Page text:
India is now the second largest steel producer in the world with production up 17.8% to 118.1 million tonnes (MT) in 2021.
A common characteristic of the three main metals steel, aluminum and copper, of which India is both a major producer and a major user, is their infinite recyclability. But because the awareness of the importance of large-scale collection of waste of all kinds throughout the country and its disposal has come late in both government and industry, the recycling rate of all metals in India falls well below the world benchmark.
India is now the second largest steel producer in the world with production up 17.8% to 118.1 million tonnes (MT) in 2021. But unlike countries, which pride themselves on using increasing quantities of steel scrap to manufacture ferrous metal and thus limit carbon dioxide (CO2) emissions, India uses only about 30 MT of scrap annually. What is particularly disheartening is that even though the population of end-of-life vehicles (ELVs) is so large and tons of structural steel and white goods are regularly sent to landfills, adding to pollution, the country is required to import 7 MT of steel scrap per year. . However, our scrap metal imports in 2020 fell by 22.4% to 5.48 MT following the Covid-related 19.6% decline in steel production to 99.6 MT.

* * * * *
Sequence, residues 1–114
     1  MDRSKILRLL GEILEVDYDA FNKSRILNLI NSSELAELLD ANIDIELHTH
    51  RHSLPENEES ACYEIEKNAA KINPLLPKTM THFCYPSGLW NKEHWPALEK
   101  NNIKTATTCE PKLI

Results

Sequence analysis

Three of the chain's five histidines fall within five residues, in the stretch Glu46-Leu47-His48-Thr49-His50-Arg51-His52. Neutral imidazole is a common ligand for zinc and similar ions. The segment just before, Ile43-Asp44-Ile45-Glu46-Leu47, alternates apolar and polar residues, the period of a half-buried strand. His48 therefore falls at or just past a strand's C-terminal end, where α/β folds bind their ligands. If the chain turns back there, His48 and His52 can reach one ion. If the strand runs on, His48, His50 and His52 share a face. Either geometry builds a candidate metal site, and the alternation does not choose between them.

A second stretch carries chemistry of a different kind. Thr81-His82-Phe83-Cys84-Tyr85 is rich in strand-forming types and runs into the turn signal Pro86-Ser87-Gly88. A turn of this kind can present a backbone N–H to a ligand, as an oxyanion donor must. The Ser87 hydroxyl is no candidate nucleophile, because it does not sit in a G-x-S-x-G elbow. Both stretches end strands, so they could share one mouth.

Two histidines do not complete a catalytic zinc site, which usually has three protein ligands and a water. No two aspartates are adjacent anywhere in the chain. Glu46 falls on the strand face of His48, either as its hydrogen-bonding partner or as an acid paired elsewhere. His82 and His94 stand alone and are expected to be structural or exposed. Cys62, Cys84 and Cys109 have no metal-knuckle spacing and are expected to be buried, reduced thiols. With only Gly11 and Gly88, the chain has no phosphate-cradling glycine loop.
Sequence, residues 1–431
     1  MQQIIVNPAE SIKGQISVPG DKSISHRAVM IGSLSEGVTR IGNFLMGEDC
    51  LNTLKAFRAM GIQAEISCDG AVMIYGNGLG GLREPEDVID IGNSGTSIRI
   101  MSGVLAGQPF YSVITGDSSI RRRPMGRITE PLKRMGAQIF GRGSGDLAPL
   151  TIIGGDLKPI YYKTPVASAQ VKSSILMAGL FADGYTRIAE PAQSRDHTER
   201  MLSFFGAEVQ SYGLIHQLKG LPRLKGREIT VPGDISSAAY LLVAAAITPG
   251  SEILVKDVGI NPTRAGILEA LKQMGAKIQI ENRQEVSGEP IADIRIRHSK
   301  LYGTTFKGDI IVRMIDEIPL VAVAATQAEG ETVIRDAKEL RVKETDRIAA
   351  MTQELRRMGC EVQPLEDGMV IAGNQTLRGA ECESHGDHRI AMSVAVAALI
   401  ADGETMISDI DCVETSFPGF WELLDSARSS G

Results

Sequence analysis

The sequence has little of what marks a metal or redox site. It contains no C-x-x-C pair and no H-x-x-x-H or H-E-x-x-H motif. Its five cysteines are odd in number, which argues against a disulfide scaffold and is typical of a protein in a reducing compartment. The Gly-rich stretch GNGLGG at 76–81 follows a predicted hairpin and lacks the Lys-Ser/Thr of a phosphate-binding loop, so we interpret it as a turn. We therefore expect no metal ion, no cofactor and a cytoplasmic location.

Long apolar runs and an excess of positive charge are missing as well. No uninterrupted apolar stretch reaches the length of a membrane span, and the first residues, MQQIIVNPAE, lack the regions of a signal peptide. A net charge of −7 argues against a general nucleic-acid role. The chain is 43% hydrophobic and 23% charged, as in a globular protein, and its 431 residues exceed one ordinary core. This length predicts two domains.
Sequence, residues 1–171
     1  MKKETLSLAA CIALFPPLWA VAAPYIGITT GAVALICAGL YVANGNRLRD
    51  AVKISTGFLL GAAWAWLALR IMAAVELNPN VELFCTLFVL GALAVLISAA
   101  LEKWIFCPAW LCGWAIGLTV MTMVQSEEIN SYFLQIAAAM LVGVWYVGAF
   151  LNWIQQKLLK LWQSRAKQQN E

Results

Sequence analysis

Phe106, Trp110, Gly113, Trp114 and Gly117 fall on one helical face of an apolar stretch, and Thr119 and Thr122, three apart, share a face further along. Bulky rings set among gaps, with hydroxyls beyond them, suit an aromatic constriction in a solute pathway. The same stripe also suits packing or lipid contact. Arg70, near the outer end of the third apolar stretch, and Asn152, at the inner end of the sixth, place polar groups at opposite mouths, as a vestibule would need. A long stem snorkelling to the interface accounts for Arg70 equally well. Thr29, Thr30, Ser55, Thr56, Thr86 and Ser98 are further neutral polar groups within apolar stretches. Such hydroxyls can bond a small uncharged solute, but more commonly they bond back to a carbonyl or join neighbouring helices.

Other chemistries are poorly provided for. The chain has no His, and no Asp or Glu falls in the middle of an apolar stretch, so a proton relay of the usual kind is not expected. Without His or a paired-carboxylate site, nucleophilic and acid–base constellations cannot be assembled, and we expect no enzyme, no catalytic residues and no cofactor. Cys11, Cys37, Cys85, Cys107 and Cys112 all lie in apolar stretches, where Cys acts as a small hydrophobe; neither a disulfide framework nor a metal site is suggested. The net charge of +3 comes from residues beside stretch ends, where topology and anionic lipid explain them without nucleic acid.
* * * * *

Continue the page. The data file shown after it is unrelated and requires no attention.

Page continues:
The much-heralded use of green hydrogen as a reducing agent in the blast furnace (BF) instead of metallurgical coal or natural gas will take a few years. Meanwhile, the steel industry in most countries including India is showing its determination to become more and more energy and resource efficient in metal fabrication and in the process of limiting CO2 emissions. . But India also needs to focus on recycling as processing one ton of scrap metal in the Electric Arc Furnace (EAF) will save 1.1 tons of iron ore, 630 kg of metallurgical coal and 55 kg of limestone, according to the Scrap Steel Recycling Policy (SSRP) developed by the Ministry of Steel. The policy direction should encourage the processing and recycling of scrap metal through “organized and scientific” metal recycling centers across the country. This should phase out scrap metal imports. The circular economy is about saving resources. In addition, the large-scale use of scrap metal for steelmaking will help improve the steel intensity of the economy. After all, per capita metal use here, at 76 kg, is considerably lower than the world average of 225 kg.
India is a big country. Large steel units based on BF-BOF are found in a handful of states, with the largest concentration of capacity being in Odisha. Moving metal from these centers to remote locations also becomes a logistical and costly challenge. Unlike BF-BOF plants, setting up EAFs does not require very large plots of land. To overcome the problems of acquiring large land and logistical hurdles in distributing steel over long distances, the country will do well to build many EAFs of varying capacity in different parts of the country to meet local demand. efficiently and profitably. In this way, it will become convenient to stimulate the demand for steel in semi-urban and rural areas.